Q: I just bought a bottle of Taylor Fladgate 1977. It is my first time opening up a bottle of Port of this age. How do I open it? Do I decant a day in advance? Do I need a special filter for the sediment? —Tony Carucci
A: Older vintage Ports often have thrown significant sediment, and have soft, crumbly corks, so it's a challenge to serve them at their best.
First, stand the bottle upright for at least a day before you intend to serve it, so any sediment can settle at the bottom. Before your guests arrive, open and decant the bottle.
Remove the top of the capsule completely, and clean the lip of the bottle with a damp paper towel. Choose a reliable corkscrew, perhaps a waiter’s corkscrew with an extra-long worm and a double flange, or a screw-pull with a Teflon-covered worm. Drill the worm through the center of the cork, and pull it slowly and evenly out of the bottle. If by chance the cork breaks (a not uncommon occurrence with older vintage Ports), the best recourse is to remove the corkscrew and penetrate the cork again at a 45 degree angle. There is no point in inserting it into the original hole. If, after repeated attempts, you fail to extract the cork, then slowly push it into the bottle.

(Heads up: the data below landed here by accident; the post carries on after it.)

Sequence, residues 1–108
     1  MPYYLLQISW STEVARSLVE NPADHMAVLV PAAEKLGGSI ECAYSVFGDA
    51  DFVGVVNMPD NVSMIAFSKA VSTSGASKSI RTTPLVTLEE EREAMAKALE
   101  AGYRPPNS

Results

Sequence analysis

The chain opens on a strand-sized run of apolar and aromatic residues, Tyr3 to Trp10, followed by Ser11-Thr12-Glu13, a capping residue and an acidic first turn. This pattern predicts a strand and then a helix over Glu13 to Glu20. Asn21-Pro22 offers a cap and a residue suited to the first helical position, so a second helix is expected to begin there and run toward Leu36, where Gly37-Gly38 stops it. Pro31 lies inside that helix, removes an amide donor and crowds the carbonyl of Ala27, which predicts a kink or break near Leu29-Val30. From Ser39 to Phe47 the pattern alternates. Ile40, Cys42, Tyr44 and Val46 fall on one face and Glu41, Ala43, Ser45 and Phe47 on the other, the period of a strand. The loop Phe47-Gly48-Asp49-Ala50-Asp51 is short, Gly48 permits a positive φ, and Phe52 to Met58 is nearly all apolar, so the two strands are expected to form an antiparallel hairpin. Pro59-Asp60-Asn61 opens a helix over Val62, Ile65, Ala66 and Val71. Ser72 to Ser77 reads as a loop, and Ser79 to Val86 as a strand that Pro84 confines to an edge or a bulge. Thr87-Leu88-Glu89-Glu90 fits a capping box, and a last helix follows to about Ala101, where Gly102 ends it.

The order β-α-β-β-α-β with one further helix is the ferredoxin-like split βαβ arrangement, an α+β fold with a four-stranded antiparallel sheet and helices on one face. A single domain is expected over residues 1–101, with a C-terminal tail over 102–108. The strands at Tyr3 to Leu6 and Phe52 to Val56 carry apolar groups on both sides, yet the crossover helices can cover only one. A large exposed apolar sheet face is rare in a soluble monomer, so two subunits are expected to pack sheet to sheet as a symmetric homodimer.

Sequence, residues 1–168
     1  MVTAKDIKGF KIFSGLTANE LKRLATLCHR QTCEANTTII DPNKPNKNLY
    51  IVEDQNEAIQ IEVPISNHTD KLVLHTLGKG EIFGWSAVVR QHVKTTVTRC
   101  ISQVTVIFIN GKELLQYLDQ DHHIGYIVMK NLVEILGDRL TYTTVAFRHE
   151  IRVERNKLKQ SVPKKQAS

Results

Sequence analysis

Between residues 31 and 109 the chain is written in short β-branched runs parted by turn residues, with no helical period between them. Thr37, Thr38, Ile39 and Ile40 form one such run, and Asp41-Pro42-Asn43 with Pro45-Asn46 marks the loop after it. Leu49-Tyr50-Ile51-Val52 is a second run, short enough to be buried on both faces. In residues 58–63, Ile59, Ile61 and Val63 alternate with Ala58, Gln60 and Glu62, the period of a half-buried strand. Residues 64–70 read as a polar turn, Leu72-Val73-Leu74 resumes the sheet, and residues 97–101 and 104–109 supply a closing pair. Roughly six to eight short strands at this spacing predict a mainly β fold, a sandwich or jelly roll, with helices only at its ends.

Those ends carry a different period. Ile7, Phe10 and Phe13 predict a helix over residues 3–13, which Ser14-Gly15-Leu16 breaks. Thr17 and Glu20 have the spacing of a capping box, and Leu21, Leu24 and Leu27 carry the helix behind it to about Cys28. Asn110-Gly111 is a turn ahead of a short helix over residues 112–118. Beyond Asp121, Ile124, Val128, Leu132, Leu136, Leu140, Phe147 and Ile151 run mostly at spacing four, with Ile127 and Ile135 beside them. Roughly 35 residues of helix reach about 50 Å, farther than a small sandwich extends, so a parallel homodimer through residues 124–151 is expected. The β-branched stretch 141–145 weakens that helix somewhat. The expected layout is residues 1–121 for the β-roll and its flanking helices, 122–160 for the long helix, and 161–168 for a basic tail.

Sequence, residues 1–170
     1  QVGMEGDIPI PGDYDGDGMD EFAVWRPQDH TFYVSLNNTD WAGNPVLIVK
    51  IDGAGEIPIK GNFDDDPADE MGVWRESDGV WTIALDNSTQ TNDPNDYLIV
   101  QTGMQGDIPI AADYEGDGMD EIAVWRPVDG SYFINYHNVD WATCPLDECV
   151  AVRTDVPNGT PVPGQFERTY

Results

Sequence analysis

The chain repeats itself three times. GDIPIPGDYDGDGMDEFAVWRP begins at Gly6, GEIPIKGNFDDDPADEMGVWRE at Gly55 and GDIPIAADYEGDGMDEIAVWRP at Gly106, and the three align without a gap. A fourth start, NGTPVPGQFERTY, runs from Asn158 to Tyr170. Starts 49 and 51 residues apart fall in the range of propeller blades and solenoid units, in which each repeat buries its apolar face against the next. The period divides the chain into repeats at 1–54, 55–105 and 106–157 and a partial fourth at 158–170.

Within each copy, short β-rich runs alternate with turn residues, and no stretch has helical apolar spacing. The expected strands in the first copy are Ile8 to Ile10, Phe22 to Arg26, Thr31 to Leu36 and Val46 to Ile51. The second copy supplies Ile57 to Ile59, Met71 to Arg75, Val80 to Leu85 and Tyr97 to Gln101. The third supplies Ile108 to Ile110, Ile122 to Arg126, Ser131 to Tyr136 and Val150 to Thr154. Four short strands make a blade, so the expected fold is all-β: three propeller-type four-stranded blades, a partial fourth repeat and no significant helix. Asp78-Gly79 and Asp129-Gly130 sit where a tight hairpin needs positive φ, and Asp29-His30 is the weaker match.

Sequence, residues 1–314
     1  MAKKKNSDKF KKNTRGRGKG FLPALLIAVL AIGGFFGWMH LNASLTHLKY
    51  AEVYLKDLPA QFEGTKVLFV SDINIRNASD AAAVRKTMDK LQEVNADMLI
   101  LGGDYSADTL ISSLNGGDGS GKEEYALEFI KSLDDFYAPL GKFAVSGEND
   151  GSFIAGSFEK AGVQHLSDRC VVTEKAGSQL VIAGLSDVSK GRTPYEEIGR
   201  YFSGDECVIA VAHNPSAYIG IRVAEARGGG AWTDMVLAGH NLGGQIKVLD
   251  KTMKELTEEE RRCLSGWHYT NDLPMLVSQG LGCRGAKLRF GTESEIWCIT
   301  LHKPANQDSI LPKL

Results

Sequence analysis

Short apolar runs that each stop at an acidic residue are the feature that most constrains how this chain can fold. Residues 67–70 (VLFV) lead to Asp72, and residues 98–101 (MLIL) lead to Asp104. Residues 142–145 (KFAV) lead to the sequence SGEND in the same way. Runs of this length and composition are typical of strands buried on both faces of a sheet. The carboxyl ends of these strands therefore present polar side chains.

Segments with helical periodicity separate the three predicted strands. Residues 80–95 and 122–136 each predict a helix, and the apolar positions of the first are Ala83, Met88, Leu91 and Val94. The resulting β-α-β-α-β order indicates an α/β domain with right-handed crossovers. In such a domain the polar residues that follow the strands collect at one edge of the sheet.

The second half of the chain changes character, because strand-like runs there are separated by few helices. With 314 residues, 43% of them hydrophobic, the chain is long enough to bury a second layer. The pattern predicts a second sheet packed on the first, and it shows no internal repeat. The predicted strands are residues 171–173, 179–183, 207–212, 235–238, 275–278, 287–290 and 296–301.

Raise the bottle until it is at a right angle to the lip of the decanter and pour very slowly until the sediment approaches the neck of the bottle. If you place a light (a candle is traditional, a flashlight easier to handle) under the neck, it will be easier to see when the sediment enters the neck.
Most likely, there will be an ounce or two of sediment-laden wine still in the bottle. If you want to recover it, pour it through a funnel or a sieve lined with cheesecloth.
If you are decanting the Port more than an hour before serving it, I recommend putting a stopper in the decanter.
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